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Why does O. Henry use the Number 3 as a significant figure in his story "The Gift of...

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jnassar92 | Student, Undergraduate | eNotes Newbie

Posted December 8, 2009 at 1:18 PM via web

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Why does O. Henry use the Number 3 as a significant figure in his story "The Gift of the Magi"? 

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pohnpei397 | College Teacher | (Level 3) Distinguished Educator

Posted December 8, 2009 at 1:33 PM (Answer #1)

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Maybe someone else will have a better answer than this, but here's what I think is going on.

Perhaps the major theme of this story is that Jim and Della are making sacrifices for one another because they love each other.  They are willing to give up their most prized possessions for each other.

This idea of selfless love is one of the major ideas of Christianity.  It is why Christ is said to have died to save humankind from its sins.

The number three has significance in Christianity and to the story of Jesus' birth.  Three wise men (the Magi of the title) came to worship Jesus right after his birth.  Jesus died as one of three who were crucified and he rose after three days.  Three is the number of the persons of God in the Trinity.

So that's what I would say is going on -- it's a reference to Christianity.

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parkerlee | Teacher | (Level 2) Educator

Posted December 19, 2009 at 8:48 PM (Answer #2)

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The number three is also a recurring element in a fairy tale. (Incidentally, the numbers 5, 7, and 9 come up sporadically, too.) There are often three sisters, three wishes, three challenges, etc., in which two of these elements are often foils (elements to show contrast) for the third.  Take, for example, the wicked step-sisters of Cinderella. Their ugliness, selfishness and outright meanness contrast with her gentle and noble nature.

In storytelling, this is just enough content to get the story going, develop the suspense until the crisis point, then make a resolution and denouement. This conveniently corresponds to a bedtime story, which lasts between five and ten minutes. However, I think the main point goes along with the first, since along with the element of three is the famous happily-ever-after ending, which is also a signal trait of the fairy tale. Such, at least, is the supposed destiny of Jim and Della.

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sidmufc | Student, Grade 10 | Honors

Posted September 8, 2011 at 11:25 PM (Answer #3)

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Three: A Magic Number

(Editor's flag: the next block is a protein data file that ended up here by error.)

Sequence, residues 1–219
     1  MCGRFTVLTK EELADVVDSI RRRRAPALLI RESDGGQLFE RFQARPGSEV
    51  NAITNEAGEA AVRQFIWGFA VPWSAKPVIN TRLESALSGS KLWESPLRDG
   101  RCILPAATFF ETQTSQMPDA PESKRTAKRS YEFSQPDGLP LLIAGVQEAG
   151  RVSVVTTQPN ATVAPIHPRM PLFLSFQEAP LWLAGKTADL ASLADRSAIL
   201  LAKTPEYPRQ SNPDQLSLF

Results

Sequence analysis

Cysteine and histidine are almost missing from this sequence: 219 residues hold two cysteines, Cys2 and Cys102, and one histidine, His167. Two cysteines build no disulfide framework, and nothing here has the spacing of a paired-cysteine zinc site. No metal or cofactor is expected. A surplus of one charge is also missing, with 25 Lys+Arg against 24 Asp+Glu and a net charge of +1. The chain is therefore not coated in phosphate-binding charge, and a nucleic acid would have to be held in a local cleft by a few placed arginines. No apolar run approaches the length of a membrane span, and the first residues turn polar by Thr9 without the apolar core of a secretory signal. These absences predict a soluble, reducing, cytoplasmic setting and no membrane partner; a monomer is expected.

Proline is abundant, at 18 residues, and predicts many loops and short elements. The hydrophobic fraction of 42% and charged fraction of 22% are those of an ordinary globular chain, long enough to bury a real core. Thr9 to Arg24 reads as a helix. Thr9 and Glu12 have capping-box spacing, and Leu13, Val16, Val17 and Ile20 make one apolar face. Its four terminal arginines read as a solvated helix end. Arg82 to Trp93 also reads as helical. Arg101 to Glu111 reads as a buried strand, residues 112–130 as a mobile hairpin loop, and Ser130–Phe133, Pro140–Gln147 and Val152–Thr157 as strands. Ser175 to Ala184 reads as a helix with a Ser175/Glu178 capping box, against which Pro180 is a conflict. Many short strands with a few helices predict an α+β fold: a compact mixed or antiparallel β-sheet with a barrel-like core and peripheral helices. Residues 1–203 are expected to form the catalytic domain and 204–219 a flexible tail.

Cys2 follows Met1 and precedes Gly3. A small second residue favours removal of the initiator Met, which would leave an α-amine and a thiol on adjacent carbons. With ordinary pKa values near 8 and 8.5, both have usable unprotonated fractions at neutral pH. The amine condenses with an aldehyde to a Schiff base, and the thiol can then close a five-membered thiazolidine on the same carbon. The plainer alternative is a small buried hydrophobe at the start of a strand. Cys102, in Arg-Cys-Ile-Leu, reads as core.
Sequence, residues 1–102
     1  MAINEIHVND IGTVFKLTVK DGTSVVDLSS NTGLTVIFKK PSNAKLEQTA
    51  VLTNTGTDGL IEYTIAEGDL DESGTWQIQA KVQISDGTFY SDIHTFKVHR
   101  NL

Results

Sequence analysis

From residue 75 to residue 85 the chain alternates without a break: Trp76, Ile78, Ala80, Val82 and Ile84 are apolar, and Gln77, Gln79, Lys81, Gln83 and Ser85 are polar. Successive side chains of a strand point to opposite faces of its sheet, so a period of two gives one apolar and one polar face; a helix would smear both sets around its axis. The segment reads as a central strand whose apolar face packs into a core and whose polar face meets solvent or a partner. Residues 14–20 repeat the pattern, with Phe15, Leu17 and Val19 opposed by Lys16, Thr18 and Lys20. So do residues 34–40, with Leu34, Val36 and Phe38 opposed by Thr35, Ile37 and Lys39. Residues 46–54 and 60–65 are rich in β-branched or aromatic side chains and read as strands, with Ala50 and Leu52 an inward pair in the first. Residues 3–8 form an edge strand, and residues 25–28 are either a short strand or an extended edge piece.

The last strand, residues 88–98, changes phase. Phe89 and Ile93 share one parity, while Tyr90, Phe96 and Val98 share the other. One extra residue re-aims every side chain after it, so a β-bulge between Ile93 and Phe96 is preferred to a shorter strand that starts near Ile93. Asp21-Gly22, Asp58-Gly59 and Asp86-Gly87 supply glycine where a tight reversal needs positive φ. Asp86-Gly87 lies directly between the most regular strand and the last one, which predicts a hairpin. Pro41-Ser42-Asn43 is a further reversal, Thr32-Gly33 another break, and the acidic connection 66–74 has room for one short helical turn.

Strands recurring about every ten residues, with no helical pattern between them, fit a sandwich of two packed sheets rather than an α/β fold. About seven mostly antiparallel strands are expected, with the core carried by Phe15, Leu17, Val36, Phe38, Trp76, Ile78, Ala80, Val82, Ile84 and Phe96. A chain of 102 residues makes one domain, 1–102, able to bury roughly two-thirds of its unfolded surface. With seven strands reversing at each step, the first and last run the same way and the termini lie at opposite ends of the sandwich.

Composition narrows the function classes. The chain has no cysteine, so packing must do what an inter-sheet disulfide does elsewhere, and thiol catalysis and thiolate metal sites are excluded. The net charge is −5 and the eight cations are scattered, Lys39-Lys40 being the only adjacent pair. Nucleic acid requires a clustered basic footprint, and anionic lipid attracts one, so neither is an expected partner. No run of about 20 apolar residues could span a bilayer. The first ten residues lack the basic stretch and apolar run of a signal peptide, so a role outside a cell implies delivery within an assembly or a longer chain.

In "The Gift of the Magi," the number three figures prominently. Consider the following:

  • The story has three characters: Della, Jim, and Madame Sophronie.
  • Della counts her money three times (Paragraph 1).
  • The narrator says that "Life is made up of sobs, sniffles, and smiles (Paragraph 2).
  • The story refers three times to the Youngs' supper entree: chops.
  • The story mentions the Queen of Sheba, who gave three types of gifts to King Solomon: spices, gold, and jewels.
  • A sentence in paragraph 5 says, "She stood by the window and looked out dully at a grey cat walking a grey fence in a grey backyard.”
  • Jim tells Della, I don't think there's anything in the way of a haircut or a shave or a shampoo that could make me like my girl any less.
  • The narrator alliteratively describes Della as speaking with "sudden serious sweetness."
  • The were three magi: Balthasar, Melchior, and Gaspar.
  • The magi offered three gifts: gold, frankincense, and myrrh.
  • According to tradition, the magi were kings of Arabia, Persia, and India.
  • The story centers on three valuables: Jim's gold watch, Della's hair, and the love Jim and Della share.
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janellsonfire | Student | eNotes Newbie

Posted April 24, 2012 at 9:29 AM (Answer #4)

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We are told in the story (45) about the wise men bringing the gifts to the Babe in the manger.  The three does not have to be used to tell us the same thing. It is already written out for us.  I suggest investigating the number 187 (bc) and the number 13.  Look into the pre-julius calendar days along with the root of magi being magic.  Research the Roman consule preferably the Year of the Consulship of Lepidus and Flaminius.  Look at the political system already in play and the calendars pre-written.

This story is actually anti Christmas saying that the sacrifice amongst Della and Jim are the "true" maji challenging Christianity which began what is known as the "New Testament".  If you pay close attention when the narrator, which I believe reflects the beliefs of O. Henry.  Read (34) and (45), he puts the sacrafice of Jim and Della above the maji, Queen Sheeba, and King Solomon.  Calling their value low since it is based on substance but ornamental stemming from a monetary value.

There is so much to the numbers to even get into but as for the grey, grey grey....the line right after....Christmas Day.....He rhymed them on purpose to compare Christmas to grey.

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